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09/16/2014

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Since I brought this up, and made a brief comment at DN, I thought I'd reiterate it here.

This paper provides some grounds to think that it may be wrong to draw the conclusion that emotional reactions to less abstract X-phi cases of deterministic FW scenarios is the culprit for apparent folk favoritism for compatibilist responsibility intuitions in these cases as against apparent folk favoritism for incompatibilist responsibility intuitions for more abstract cases of deterministic FW cases. Meta-analytical problems aside, if this result is correct, then what would explain the disparity?

I suggested at DN:

"I wonder if the folk try to stick to consistency with predisposed inclinations toward incompatibilism in the abstract cases (treasuring open-future, controlled choice), but sway toward more pragmatism about specific cases, seeing that some FW-related job has to get done. That might at least pry essential concerns about emotions out of the picture."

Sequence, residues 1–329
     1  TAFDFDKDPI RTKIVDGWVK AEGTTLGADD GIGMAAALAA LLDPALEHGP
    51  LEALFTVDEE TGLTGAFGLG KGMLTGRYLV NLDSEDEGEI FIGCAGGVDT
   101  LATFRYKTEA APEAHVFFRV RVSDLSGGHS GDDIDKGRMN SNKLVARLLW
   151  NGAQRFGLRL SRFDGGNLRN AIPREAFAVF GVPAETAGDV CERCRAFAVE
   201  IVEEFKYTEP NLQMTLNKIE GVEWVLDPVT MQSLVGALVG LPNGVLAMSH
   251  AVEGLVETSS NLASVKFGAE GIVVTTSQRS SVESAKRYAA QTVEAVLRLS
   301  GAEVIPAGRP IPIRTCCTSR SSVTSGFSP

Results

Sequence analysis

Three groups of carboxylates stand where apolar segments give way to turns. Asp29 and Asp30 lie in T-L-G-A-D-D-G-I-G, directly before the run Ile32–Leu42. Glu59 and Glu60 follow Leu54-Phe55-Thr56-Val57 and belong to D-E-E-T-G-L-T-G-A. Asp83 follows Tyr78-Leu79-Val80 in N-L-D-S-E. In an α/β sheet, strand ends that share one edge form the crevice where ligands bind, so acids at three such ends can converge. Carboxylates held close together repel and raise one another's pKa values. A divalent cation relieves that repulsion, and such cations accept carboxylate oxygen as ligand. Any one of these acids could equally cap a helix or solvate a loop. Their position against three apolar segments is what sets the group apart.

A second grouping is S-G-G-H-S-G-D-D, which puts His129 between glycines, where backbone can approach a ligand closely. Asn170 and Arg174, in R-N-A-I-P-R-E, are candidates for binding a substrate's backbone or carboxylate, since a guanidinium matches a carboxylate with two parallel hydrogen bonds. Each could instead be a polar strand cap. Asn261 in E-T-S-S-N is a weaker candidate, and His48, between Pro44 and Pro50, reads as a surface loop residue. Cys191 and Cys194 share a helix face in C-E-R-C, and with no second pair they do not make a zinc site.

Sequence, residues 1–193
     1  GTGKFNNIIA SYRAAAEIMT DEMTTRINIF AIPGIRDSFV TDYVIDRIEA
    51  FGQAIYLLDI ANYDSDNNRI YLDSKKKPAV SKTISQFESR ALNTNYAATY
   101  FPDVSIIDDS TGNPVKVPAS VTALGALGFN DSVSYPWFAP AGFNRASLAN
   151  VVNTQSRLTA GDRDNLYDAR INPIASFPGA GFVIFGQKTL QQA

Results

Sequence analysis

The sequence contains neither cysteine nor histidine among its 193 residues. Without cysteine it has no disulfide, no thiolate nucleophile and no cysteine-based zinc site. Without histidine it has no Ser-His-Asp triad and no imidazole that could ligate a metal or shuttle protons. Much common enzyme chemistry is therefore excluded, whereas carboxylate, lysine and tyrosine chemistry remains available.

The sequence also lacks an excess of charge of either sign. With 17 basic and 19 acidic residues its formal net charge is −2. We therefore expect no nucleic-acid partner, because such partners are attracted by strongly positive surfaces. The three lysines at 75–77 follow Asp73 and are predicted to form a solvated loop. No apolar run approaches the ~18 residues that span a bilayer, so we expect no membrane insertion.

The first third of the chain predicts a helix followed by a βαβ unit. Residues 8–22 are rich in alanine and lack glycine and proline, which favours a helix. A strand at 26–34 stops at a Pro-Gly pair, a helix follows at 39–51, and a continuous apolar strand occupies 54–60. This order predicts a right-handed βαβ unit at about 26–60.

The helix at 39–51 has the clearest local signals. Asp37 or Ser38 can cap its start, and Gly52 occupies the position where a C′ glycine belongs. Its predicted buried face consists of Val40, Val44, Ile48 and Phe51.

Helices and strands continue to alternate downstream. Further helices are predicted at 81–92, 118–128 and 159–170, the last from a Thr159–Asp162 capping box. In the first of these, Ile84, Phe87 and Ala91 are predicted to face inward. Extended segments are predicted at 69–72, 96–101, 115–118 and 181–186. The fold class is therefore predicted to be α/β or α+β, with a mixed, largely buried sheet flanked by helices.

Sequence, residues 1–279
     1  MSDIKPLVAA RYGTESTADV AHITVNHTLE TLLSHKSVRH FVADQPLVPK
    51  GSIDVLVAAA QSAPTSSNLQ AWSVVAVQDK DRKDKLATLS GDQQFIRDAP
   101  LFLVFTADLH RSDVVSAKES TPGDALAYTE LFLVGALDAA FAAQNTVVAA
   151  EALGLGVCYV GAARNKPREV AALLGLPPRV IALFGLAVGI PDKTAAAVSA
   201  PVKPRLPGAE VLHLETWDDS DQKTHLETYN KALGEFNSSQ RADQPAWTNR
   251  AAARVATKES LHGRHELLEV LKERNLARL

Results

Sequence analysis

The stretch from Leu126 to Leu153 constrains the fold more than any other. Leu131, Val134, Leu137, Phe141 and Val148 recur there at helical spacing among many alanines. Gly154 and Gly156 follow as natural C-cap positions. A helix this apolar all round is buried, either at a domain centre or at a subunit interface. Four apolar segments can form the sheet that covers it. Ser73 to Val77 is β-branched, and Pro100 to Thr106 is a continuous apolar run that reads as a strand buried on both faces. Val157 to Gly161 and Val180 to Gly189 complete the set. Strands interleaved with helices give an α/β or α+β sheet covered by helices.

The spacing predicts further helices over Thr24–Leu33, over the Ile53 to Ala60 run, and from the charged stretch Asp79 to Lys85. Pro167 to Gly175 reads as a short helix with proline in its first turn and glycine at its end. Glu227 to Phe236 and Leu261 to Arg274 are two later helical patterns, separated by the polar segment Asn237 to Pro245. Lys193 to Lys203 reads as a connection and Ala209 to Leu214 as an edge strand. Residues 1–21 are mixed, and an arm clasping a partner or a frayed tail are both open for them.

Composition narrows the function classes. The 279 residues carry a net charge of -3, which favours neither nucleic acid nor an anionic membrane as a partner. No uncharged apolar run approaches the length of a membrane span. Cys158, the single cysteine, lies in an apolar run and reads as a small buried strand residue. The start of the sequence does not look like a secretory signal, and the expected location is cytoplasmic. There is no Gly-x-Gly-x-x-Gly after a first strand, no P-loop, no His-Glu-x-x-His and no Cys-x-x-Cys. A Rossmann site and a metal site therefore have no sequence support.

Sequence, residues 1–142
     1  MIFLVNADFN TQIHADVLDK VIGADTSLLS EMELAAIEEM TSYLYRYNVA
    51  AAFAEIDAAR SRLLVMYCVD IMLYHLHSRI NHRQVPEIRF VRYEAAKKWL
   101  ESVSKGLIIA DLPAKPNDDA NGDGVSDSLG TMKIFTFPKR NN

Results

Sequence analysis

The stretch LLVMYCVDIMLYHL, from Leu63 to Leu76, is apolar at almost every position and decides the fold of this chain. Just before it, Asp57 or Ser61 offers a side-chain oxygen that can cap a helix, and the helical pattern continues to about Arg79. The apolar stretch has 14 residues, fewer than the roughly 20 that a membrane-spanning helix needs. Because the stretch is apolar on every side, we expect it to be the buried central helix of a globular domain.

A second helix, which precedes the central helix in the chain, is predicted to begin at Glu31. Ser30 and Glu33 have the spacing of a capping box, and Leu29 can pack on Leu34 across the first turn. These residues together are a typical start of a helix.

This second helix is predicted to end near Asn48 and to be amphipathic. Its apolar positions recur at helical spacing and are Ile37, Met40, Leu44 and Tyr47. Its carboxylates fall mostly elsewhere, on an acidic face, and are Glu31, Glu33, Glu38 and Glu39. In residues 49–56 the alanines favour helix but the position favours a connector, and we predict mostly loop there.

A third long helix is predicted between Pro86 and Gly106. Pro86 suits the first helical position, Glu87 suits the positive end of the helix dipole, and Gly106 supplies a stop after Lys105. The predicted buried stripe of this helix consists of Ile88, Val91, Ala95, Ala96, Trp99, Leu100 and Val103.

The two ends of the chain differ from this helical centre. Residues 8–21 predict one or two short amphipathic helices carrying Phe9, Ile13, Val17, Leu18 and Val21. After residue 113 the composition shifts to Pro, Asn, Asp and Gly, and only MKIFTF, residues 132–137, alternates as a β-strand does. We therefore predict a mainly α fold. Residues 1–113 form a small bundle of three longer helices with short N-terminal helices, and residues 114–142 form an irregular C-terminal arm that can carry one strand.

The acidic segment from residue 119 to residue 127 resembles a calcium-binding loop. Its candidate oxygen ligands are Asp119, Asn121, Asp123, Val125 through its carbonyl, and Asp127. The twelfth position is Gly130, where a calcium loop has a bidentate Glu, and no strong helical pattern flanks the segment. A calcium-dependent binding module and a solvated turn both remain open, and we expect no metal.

To expand a bit. Generalized cases of deterministic agents might call up predispositions for treasured beliefs about our open-futured hopes of controlling our own lives. But specific cases of deterministic agents might call up more pragmatic values of assigning responsibility even if generalized expansive values about control have to be sacrificed. If this is so, then the role of emotion is diminished, or at least moved more relevantly to explain why we might value different things in different contexts.

I have no precise thesis here. I just wonder if pragmatism has a role to play in sorting out the X-phi data.

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